Local police have sided with the Muslim attackers by blaming the journalists for sending a television truck into the area in the first place. Dan Houtved of the North Zealand Police told BT News that he would not have gone there had he been a journalist with TV2. “You choose to enter a tense area. One can argue about whether it is wise. I probably would not have done it.”
Houtved is referring to the growing number of no-go zones in suburbs of Copenhagen and other Danish cities that are increasingly becoming autonomous enclaves ruled by Muslim youth gangs. They are areas where Danish police fear to tread. (See news video here about how the Danish government is bribing native Danes to get them to live in immigrant neighborhoods.)
In March, for example, more than 140 Muslim gang members raided a courthouse where two fellow Muslims were being tried for attempted murder.
The Muslims — all members of criminal street gangs that have taken over large parts of Danish towns and cities — were wearing masks and bullet-proof vests and throwing rocks and bottles as they tried to force their way into the district courthouse in Glostrup, a heavily Islamized suburb of Copenhagen, on March 6.
Police used batons and pepper spray to fend off the gang members, who were armed with an arsenal of 20 different types of weapons, including crowbars, darts, hammers, knives, screwdrivers and wooden clubs.
The trial in Glostrup involved two Pakistani immigrants accused of shooting and attempting to murder two fellow Muslims who belong to a rival gang. The shooting was related to an escalating turf war between rival Muslim gangs from the Værebroparken housing estate in Bagsværd, a suburb of Copenhagen, and Nivå and Kokkedal in northern Zealand. Immigrant gangs are believed to be responsible for at least 50 shootings in and around Copenhagen during 2012.
The immigrant gangs are involved in countless criminal activities, including drug trafficking, illegal weapons smuggling, extortion, human trafficking, robbery, prostitution, automobile theft, racketeering and murder.
Many of the gang members are ethnic Arabs, Bosnians, Turks and Somalians. They also include Iraqis, Moroccans, Palestinians and Pakistanis.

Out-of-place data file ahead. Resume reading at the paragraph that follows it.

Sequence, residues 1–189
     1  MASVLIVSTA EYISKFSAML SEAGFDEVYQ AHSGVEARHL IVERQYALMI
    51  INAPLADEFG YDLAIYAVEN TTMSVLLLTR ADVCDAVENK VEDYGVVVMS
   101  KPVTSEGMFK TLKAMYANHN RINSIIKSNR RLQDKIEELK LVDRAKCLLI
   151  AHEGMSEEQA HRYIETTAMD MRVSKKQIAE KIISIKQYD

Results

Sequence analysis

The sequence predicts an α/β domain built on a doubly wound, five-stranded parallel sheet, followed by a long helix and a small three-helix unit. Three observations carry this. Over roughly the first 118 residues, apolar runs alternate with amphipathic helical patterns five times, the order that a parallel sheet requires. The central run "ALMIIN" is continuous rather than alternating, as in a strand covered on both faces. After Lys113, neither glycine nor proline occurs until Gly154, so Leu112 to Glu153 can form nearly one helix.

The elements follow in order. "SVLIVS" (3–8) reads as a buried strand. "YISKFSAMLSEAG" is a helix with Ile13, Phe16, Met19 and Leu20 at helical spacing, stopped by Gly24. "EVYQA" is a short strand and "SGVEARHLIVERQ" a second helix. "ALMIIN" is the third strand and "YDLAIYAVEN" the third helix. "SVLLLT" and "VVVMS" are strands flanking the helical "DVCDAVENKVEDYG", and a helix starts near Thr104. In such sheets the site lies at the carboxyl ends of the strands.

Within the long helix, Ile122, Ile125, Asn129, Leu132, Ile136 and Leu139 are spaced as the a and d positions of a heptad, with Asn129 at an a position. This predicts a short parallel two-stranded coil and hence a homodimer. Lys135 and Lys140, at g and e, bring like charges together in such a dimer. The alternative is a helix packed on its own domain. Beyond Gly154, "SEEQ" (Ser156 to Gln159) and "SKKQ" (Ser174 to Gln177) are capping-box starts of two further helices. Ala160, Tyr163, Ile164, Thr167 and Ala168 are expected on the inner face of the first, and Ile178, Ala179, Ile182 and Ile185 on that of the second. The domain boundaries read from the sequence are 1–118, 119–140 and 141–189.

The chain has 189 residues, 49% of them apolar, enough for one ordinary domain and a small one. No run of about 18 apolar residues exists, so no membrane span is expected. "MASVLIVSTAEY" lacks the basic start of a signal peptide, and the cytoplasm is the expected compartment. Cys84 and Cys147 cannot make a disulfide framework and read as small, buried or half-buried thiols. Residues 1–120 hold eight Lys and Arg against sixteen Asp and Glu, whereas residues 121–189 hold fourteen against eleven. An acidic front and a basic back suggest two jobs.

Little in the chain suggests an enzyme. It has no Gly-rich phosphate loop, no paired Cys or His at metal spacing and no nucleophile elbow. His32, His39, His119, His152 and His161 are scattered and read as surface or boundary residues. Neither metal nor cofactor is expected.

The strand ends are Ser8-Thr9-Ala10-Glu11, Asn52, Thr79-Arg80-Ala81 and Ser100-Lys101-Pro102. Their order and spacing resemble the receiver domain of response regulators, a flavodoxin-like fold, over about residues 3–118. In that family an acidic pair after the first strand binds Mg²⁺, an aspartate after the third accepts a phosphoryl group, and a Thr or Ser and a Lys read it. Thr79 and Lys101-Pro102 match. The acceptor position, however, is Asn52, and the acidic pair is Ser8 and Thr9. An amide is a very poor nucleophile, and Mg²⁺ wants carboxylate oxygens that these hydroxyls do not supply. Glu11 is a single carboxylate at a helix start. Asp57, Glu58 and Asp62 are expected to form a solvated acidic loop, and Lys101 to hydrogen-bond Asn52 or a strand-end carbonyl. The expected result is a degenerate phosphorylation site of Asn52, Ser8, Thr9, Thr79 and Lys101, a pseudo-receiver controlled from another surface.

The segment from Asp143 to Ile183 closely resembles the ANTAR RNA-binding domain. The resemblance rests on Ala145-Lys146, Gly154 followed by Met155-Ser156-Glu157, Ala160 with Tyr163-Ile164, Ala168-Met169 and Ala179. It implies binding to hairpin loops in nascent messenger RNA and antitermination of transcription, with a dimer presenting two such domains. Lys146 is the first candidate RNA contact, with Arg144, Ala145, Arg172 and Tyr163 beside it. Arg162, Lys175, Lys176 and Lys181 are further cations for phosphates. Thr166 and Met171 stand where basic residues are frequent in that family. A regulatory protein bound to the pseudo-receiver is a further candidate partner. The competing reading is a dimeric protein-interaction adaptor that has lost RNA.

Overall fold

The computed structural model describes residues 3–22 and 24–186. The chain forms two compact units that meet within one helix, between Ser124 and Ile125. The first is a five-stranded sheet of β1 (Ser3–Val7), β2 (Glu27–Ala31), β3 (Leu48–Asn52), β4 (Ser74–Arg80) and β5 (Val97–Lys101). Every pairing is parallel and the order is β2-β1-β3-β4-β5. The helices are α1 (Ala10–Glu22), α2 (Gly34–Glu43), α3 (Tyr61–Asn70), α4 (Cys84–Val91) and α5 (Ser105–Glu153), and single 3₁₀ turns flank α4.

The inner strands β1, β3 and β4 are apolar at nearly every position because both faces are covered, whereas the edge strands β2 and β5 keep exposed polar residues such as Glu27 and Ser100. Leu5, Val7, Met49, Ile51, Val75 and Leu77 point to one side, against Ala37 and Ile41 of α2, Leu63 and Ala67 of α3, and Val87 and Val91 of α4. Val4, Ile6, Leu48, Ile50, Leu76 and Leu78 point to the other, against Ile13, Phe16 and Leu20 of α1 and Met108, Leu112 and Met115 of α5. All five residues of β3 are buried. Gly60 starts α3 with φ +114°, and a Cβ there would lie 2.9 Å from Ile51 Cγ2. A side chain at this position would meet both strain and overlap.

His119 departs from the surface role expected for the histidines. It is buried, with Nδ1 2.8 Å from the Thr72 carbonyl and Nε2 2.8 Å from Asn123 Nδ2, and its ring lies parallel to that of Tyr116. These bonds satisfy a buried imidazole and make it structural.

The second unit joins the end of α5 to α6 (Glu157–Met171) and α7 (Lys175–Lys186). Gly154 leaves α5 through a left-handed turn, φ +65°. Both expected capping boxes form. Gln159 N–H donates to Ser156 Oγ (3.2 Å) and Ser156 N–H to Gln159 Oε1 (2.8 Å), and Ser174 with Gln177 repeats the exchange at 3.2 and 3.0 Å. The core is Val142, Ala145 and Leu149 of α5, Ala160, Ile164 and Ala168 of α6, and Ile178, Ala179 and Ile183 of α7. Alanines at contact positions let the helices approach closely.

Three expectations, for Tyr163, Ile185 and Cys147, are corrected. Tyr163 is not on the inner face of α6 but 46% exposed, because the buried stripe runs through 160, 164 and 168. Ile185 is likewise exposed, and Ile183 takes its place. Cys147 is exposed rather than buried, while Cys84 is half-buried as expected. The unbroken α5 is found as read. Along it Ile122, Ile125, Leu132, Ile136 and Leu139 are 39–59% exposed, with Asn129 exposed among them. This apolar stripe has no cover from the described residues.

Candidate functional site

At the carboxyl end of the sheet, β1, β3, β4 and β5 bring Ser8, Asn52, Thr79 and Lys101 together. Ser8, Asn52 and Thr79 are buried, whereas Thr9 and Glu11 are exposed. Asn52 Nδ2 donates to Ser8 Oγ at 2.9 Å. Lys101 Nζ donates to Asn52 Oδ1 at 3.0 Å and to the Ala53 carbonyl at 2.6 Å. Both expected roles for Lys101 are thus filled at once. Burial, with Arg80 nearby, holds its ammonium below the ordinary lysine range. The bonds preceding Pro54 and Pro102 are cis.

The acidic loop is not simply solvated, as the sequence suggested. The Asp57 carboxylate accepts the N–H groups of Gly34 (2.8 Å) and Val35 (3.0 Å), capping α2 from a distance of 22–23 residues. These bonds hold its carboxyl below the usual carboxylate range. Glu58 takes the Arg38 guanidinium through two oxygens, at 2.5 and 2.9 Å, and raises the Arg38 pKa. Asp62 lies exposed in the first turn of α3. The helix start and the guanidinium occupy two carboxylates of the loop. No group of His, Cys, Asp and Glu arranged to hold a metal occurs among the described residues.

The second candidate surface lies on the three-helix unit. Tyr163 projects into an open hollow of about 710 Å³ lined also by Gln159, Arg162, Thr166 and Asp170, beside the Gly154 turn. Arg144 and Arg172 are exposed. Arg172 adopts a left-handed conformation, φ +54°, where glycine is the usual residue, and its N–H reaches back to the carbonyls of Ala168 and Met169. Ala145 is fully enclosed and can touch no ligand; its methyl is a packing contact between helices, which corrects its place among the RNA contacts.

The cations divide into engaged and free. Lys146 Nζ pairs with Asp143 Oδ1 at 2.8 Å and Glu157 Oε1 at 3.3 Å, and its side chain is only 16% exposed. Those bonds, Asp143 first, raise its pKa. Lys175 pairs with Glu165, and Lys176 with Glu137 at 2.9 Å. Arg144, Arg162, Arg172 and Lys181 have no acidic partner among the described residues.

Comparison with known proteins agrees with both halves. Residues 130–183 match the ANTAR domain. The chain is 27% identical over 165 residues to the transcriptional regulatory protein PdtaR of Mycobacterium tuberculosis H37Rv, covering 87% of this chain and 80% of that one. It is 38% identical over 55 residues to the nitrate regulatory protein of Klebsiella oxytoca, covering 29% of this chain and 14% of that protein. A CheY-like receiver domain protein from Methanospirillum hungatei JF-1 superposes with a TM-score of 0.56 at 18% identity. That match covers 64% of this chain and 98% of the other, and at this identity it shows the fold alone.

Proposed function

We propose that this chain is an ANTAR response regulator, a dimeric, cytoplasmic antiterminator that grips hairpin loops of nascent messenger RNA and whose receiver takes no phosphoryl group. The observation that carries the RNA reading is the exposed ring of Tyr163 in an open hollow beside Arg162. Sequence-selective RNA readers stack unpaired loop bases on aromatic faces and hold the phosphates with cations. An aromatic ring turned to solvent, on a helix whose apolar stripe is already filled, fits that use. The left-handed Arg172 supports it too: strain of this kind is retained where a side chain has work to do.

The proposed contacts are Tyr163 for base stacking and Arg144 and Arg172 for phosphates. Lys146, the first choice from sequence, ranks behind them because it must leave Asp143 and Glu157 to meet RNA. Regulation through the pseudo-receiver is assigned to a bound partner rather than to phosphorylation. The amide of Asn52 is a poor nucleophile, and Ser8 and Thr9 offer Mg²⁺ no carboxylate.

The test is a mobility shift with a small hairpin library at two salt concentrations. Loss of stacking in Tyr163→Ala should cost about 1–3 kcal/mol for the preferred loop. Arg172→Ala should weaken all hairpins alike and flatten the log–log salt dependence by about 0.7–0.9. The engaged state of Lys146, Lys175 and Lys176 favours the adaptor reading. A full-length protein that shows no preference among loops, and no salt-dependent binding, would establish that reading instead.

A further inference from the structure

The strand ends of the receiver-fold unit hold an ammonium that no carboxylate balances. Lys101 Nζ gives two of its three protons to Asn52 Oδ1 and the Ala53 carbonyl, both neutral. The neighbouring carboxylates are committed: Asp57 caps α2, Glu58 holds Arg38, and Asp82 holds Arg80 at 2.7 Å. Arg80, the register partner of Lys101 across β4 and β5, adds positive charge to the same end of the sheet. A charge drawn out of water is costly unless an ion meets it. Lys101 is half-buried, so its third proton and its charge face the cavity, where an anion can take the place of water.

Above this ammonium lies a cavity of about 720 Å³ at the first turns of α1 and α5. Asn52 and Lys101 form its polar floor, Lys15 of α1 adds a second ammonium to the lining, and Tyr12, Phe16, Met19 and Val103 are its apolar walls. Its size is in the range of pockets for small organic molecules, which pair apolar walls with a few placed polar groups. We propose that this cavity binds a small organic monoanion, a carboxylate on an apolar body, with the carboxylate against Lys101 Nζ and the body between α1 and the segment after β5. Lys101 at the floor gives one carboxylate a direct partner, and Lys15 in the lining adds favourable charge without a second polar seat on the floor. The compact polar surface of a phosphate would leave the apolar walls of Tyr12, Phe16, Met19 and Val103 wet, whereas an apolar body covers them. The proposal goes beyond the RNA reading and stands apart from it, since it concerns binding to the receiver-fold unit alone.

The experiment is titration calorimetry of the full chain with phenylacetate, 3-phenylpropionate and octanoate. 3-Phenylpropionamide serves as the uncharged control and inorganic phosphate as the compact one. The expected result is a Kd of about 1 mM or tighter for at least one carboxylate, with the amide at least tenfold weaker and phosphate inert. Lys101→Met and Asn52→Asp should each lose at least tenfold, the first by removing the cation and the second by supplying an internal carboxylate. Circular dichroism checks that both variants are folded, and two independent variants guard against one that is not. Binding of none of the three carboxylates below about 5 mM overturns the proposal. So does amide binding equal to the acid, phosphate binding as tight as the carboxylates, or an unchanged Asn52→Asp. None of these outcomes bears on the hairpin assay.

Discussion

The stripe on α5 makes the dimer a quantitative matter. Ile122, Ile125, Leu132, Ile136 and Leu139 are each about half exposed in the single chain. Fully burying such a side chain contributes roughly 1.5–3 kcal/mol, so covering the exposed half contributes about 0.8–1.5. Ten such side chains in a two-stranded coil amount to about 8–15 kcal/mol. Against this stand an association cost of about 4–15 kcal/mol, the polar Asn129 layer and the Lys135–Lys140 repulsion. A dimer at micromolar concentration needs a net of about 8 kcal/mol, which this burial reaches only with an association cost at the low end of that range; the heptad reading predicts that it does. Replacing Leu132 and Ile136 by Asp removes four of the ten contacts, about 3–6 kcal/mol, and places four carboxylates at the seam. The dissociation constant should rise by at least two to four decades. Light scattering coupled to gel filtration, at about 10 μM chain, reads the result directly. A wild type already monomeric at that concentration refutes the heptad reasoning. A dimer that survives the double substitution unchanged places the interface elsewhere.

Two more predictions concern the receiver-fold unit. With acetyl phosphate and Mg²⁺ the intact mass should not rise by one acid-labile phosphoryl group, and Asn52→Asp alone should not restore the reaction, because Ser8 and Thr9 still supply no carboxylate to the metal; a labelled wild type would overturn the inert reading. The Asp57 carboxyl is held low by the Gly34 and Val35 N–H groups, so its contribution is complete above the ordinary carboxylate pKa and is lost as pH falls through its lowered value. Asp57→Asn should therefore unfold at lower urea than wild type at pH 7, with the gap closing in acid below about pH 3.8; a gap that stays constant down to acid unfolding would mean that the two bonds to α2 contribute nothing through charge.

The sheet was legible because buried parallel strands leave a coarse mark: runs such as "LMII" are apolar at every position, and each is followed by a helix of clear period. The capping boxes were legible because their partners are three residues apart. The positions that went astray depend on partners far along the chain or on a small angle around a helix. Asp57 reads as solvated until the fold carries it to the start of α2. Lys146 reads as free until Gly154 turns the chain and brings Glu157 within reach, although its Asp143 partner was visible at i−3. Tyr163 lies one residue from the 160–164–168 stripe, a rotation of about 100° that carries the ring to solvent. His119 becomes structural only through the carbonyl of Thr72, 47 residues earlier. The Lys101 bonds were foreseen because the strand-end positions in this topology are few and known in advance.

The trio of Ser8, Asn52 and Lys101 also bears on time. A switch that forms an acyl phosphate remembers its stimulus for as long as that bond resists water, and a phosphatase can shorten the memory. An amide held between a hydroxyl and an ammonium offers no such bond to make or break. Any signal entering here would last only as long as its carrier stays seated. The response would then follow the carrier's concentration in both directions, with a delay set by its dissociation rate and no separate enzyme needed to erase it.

Over the past several years, the immigrant gangs have proliferated geographically across all of Denmark. The gangs have spread south from Copenhagen to the rest of Zealand, from inner Nørrebro, to the suburbs Ishøj, Greve, and on to Køge. The gangs are also active in Albertslund, Herlev, Hillerød, Høje Gladsaxe, Hundige, Roskilde and Skovlunde, among many Danish localities.
Danish authorities estimate that each year more than 700 immigrants between the ages of 18 and 25 are choosing crime as a permanent career by joining gangs such as Black Cobra, the Black Scorpions, the Bandidos, the Bloodz, the International Club, or any other of the more than 100 gangs that are now operating in Denmark.
In August, more than 80 Muslim gang members raided a hospital in Odense, the third-largest city in Denmark, in a failed attempt to kidnap a 26-year-old rival gang member who had previously been shot and stabbed at a shopping center in the Vollsmose district. Hospital police had to use weapons to prevent the angry mob from getting their hands on the shooting victim. An ambulance and four police cars were destroyed in the violence.
More recently, Muslim gangs have been extorting shops and bars in the Nørrebro district of Copenhagen, threatening local business owners with violence if they refuse to pay protection money for operating in “Muslim territory.”
But some non-Muslims have refused to give in to the threats. Consider 67-year-old Jane Pedersen, the courageous owner of the Café Viking, a bar that has been the focus of repeated attacks by Muslim gangs because of her refusal to pay. Pedersen has set up a Facebook page called “No to Bullies, Yes to Beer,” which has drawn national and international attention to her plight. (See here for a video produced by the politically correct BBC, which manages to report on Pedersen and Copenhagen’s gang problem without once using the word “Muslim”.)
In an interview with the Jyllands-Posten newspaper, Pedersen said: “Some guys came in here and told me that I have to pay to be in their area. I refused. I could be their grandmother, and it simply cannot be justified.”
About the Author: The writer is the Senior Analyst for Transatlantic Relations at the Madrid-based Grupo de Estudios Estratégicos / Strategic Studies Group, one of the oldest and most influential foreign policy think tanks in Spain.
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